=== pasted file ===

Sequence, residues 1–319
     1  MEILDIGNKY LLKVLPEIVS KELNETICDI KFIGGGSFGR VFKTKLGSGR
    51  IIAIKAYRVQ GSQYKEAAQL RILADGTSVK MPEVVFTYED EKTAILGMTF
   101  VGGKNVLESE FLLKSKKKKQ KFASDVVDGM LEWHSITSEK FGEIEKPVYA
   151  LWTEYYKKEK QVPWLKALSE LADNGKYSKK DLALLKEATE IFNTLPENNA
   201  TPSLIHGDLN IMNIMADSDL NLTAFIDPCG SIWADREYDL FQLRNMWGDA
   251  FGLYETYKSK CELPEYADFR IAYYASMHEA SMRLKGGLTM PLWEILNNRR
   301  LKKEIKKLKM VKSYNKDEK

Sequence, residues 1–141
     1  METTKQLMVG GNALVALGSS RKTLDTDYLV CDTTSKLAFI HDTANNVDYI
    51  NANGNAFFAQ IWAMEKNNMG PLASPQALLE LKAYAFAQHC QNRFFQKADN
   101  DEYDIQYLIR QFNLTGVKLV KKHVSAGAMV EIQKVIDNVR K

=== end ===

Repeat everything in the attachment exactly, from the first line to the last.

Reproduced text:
Sequence, residues 1–319
     1  MEILDIGNKY LLKVLPEIVS KELNETICDI KFIGGGSFGR VFKTKLGSGR
    51  IIAIKAYRVQ GSQYKEAAQL RILADGTSVK MPEVVFTYED EKTAILGMTF
   101  VGGKNVLESE FLLKSKKKKQ KFASDVVDGM LEWHSITSEK FGEIEKPVYA
   151  LWTEYYKKEK QVPWLKALSE LADNGKYSKK DLALLKEATE IFNTLPENNA
   201  TPSLIHGDLN IMNIMADSDL NLTAFIDPCG SIWADREYDL FQLRNMWGDA
   251  FGLYETYKSK CELPEYADFR IAYYASMHEA SMRLKGGLTM PLWEILNNRR
   301  LKKEIKKLKM VKSYNKDEK

Sequence, residues 1–141
     1  METTKQLMVG GNALVALGSS RKTLDTDYLV CDTTSKLAFI HDTANNVDYI
    51  NANGNAFFAQ IWAMEKNNMG PLASPQALLE LKAYAFAQHC QNRFFQKADN
   101  DEYDIQYLIR QFNLTGVKLV KKHVSAGAMV EIQKVIDNVR K